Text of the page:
Members of the recently formed Congregation Sha'ar Zahav in June 1979 during the “San Francisco Gay Freedom Day Parade.” (Photo/Joe Altman-California Historical Society)
Members of the recently formed Congregation Sha'ar Zahav in June 1979 during the “San Francisco Gay Freedom Day Parade.” (Photo/Joe Altman-California Historical Society)

In the ’70s and ’80s, our letter-writers went to battle over gay rights

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San Francisco has long celebrated its place in the forefront of the gay rights movement, from the rise of the Castro neighborhood in the late 1960s to the political activism of Supervisor Harvey Milk in the 1970s to the legalizing of same-sex weddings at City Hall in 2004.

But over the last several decades of struggle for LGBTQ+ equality, the Jewish community hasn’t always been on the same page.

One place the conflicting attitudes, ideologies and beliefs played out in the 1970s and 1980s was in our letters section. Individual opinions were all over the map, from those who strongly condemned homosexuality to those who fiercely advocated for gay rights.

One such back-and-forth was sparked in 1973 when we asked a prominent Reform rabbi in Pittsburgh, Solomon Freehof, for advice.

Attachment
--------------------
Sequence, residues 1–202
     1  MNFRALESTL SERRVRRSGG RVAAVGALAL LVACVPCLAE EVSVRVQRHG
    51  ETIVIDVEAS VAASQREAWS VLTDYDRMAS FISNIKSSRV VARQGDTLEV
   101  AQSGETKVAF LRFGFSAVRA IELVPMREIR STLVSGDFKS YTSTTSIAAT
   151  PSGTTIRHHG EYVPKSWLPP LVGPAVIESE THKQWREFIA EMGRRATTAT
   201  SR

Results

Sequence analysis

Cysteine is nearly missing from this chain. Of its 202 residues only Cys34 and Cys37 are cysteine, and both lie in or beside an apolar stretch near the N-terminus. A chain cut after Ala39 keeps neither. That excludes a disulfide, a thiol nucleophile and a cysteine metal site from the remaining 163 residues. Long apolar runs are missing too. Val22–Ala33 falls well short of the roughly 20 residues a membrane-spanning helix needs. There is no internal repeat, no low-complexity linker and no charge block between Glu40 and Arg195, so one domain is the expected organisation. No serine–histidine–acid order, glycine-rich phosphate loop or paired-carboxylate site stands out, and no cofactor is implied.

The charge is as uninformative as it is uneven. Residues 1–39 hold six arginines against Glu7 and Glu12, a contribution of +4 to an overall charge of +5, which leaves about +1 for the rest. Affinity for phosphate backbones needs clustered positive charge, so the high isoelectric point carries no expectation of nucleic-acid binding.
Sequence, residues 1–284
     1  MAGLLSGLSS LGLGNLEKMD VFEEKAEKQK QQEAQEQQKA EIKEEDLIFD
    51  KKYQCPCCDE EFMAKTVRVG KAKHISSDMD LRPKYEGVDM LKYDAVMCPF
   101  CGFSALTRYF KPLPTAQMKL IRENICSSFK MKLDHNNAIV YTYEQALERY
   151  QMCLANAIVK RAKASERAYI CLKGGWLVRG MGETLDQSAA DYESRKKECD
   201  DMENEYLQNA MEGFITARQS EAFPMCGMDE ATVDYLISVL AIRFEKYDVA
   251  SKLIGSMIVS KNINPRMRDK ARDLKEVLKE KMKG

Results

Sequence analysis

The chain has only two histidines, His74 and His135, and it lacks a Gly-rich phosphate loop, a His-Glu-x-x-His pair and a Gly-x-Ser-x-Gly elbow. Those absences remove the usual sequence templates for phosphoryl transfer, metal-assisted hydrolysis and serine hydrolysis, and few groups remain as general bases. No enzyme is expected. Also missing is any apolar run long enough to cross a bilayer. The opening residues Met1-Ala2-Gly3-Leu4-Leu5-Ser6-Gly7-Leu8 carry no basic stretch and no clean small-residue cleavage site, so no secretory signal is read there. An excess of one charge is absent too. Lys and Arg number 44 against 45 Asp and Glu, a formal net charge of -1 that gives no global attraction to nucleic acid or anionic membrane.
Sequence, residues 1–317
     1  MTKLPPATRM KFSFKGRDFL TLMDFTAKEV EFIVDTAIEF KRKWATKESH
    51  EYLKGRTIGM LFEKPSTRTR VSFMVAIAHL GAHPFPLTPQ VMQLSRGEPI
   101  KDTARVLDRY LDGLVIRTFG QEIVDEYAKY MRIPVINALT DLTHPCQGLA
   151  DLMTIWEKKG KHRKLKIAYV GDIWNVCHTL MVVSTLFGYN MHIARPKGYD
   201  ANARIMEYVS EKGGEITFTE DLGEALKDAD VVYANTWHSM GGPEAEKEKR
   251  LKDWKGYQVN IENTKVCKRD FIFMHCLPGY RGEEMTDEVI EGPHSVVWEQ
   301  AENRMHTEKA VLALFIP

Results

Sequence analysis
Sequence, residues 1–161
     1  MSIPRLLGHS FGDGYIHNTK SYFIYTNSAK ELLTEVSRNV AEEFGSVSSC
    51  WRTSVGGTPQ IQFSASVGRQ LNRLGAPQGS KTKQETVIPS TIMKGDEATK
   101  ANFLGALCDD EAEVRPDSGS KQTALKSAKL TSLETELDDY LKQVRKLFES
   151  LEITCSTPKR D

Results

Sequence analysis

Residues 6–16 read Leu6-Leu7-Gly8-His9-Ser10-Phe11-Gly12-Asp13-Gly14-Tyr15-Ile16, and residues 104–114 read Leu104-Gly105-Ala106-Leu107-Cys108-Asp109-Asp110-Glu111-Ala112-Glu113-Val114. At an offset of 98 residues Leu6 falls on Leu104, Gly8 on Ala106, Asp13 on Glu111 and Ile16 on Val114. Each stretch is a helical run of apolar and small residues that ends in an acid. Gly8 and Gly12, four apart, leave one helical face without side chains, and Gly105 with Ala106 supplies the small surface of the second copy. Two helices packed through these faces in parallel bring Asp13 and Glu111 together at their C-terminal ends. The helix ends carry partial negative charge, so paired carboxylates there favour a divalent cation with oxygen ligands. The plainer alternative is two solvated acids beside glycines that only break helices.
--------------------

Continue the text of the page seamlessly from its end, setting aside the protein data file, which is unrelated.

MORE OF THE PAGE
A “congregation of homosexuals” had been established in Los Angeles, and the paper wanted an “expert on Jewish law” to weigh in. (Freehof was renowned worldwide as an interpreter of Jewish law.)

Freehof’s column was highly controversial and angered many readers, as subsequent letters to the editor showed.

First, the rabbi — who was born in 1892 and died in 1990 at age 97 — made it clear he thought that homosexuality was not only a sin under Jewish law but also counter to Jewish values.

“If Scripture calls it an abomination,” he wrote, “it means that it is more than a violation of a mere legal enactment; it reveals a deep-rooted ethical attitude…. How deep-rooted this aversion is can be seen from the fact that although Judaism developed in the Near East, which is notorious for the prevalence of homosexuality, Jews kept away from such acts, as is seen from the Talmud (Kiddushin 82a) which states that Jews are not ‘under the suspicion of homosexuality.’”